Santa Clara County fire prevention aided by AI
Santa Clara County firefighters battle a blaze. Photo courtesy of Santa Clara County Fire Department.

The use of artificial intelligence has spread like wildfire into the world of fire prevention in Santa Clara County.

County officials are implementing AI sensors to analyze air temperature and particles in the air to locate fires and prevent larger ones from igniting. This comes as experts throughout the county have been looking at ways to prevent and contain wildfires. In 2023 alone, the state has seen more than 4,700 wildfires, according to Cal Fire.

Jared Lewis, a manager of environmental planning at San Jose Water, said the sensors will quicken response times and improve efficiency. Officials said it will only cost a few thousand dollars to implement this technology.

“We’re at a point in time in wildfire mitigation, where innovation is starting to play more of a key role in really reducing or minimizing those impacts,” Lewis told San José Spotlight.

The sensors will be solar-powered and analyze gas levels, specifically matter and heat. The sensors were developed by N5 Sensors, a company that makes wildfire sensors used by government agencies like the U.S. Department of Homeland Security.

About 10 AI sensors are being placed around the Los Gatos Creek watershed area and unincorporated parts of Santa Clara County, according to officials who will implement the technology. The sensors will cover about 6,000 acres across Santa Clara County. The Santa Clara County FireSafe Council, a nonprofit focused on wildfire prevention, and San Jose Water will install the sensors.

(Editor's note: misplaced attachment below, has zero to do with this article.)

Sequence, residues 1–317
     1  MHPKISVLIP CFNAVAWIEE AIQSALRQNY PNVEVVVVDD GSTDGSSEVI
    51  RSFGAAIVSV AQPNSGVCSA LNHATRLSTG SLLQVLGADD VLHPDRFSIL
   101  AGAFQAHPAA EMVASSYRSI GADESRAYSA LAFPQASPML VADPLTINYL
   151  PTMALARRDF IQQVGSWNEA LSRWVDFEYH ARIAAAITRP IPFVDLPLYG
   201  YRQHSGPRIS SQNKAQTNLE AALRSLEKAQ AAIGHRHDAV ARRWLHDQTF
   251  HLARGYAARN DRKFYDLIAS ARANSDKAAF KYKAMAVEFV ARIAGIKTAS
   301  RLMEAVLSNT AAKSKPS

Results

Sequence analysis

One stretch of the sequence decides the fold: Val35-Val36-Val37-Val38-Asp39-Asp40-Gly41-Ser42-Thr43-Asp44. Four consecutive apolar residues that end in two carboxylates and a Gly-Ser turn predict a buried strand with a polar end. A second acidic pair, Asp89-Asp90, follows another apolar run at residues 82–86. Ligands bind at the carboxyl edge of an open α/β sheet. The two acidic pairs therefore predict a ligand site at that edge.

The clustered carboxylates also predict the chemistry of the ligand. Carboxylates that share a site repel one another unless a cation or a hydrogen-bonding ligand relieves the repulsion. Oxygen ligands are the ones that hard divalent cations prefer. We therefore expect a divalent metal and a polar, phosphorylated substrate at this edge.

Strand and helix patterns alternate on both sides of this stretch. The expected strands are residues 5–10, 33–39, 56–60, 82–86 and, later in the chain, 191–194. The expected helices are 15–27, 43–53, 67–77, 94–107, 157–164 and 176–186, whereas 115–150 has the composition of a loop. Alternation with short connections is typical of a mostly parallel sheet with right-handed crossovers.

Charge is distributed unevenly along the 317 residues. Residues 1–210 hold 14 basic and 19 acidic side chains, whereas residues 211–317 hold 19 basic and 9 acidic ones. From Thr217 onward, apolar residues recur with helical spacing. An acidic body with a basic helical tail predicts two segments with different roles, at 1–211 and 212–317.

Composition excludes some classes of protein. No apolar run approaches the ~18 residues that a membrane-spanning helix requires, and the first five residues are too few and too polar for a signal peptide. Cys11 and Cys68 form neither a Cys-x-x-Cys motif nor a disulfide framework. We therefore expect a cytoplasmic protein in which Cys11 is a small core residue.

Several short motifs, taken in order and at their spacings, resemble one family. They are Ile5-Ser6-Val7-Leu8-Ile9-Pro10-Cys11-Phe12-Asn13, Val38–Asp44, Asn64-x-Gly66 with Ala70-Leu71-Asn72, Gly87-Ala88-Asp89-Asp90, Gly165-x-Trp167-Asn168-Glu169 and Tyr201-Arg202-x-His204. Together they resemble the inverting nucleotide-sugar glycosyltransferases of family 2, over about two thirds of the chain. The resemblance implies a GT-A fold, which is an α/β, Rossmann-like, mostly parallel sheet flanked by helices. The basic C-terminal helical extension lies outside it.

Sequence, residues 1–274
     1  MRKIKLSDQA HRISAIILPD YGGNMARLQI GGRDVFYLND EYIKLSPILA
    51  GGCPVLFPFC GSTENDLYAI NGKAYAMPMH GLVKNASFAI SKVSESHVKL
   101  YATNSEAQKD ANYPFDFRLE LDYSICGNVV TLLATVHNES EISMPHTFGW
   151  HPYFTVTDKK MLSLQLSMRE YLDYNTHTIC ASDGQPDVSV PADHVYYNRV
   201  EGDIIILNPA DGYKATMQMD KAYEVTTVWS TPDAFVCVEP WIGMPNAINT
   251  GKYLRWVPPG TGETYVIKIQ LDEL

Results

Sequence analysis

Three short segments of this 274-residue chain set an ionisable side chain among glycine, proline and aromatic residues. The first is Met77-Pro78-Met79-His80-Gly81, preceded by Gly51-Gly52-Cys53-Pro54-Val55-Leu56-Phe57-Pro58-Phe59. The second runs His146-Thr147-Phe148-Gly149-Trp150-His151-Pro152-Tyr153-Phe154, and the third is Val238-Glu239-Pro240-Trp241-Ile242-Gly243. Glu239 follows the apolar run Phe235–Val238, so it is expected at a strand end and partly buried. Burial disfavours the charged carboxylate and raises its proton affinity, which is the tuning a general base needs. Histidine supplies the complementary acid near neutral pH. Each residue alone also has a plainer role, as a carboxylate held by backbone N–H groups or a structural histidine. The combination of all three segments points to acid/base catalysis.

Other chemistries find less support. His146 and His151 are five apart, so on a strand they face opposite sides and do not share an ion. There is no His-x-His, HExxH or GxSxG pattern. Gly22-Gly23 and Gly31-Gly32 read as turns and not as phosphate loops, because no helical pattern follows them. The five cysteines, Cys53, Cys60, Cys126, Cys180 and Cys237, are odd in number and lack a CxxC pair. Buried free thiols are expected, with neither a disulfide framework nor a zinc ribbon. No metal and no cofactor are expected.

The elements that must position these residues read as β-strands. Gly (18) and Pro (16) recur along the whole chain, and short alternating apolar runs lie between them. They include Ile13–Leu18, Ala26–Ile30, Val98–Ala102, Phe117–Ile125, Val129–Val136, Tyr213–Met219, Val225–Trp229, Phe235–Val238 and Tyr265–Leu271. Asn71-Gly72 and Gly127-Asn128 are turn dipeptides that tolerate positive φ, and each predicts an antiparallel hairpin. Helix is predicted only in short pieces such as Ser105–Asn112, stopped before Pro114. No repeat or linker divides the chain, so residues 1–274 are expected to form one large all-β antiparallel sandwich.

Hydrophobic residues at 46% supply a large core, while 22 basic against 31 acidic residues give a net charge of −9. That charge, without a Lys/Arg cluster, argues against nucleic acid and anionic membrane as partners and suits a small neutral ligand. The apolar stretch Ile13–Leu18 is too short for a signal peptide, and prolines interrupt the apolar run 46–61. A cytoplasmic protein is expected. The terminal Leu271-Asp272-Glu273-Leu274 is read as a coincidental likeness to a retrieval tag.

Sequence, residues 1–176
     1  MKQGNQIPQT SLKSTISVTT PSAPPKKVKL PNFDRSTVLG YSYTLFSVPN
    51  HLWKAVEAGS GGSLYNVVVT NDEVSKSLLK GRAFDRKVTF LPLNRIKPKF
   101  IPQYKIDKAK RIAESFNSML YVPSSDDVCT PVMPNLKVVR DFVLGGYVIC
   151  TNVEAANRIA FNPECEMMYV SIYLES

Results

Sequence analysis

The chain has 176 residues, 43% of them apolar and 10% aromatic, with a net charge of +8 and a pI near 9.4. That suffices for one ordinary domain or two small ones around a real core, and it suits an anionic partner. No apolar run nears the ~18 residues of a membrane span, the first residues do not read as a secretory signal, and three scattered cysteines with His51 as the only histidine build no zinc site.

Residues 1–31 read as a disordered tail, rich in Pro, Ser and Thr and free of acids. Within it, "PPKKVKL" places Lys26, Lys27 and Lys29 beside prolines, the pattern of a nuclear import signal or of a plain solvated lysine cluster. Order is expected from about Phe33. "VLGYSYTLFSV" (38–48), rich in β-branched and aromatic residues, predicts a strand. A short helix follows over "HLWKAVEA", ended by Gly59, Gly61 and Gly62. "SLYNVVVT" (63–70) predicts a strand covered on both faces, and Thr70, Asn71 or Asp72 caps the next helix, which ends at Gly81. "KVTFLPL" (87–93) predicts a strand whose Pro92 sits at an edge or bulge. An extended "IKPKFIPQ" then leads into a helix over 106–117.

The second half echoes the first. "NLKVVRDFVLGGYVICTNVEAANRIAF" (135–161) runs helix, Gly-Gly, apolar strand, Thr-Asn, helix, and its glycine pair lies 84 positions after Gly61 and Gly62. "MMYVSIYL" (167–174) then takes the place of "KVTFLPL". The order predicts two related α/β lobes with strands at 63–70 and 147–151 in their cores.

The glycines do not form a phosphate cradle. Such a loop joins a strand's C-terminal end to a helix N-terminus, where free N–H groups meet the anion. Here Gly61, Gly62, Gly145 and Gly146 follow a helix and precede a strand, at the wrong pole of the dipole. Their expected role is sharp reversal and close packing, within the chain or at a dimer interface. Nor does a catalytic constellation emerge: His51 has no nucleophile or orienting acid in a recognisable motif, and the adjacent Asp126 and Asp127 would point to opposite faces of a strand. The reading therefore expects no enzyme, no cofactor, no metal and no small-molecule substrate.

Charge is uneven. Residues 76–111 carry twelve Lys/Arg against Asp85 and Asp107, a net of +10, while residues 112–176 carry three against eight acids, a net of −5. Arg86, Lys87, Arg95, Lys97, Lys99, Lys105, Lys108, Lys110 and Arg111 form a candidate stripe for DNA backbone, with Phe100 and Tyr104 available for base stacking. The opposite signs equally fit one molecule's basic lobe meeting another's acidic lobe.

Santa Clara County FireSafe Council CEO Seth Schalet said the AI used in the sensors is not like ChatGPT, which is trained to follow a prompt. This technology is developed to track when fires ignite. He said they will have a microprocessor and be encased in a shell. The sensors will have a safety feature that ensures they shut off if anything goes wrong.

Schalet said the sensors will help alert firefighters to potential wildfires near the watersheds, which could damage the piping system that sends water to almost 1 million San Jose residents.

“There is a role for technology to play that can aid in all of the work that we do in the fire service agency, specifically on early warning in early detection,” Schalet told San José Spotlight.

While there is no specific date for when these sensors will be implemented, officials said they will be placed in the coming weeks.

The idea for these sensors came out of Oakland, where the Oakland Fire Department installed 10 sensors through a 24-month pilot program.

Efforts to understand and control wildfires is the focus of a team at San Jose State University’s Wildfire Interdisciplinary Research Center. The group’s goal is to better understand fire behavior, and researchers are studying how embers, also known as firebrand showers, behave.

SJSU’s wildfire research center—one of the nation’s largest academic wildfire research centers—launched in 2020 following the Santa Cruz lightning complex fires, which burned nearly 400,000 acres across six counties, including Santa Clara. The center aims to conduct wildfire research that will improve tools and policies to prevent and fight fires.

Contact Julia Forrest at [email protected] or follow @juliaforrest35 on Twitter.

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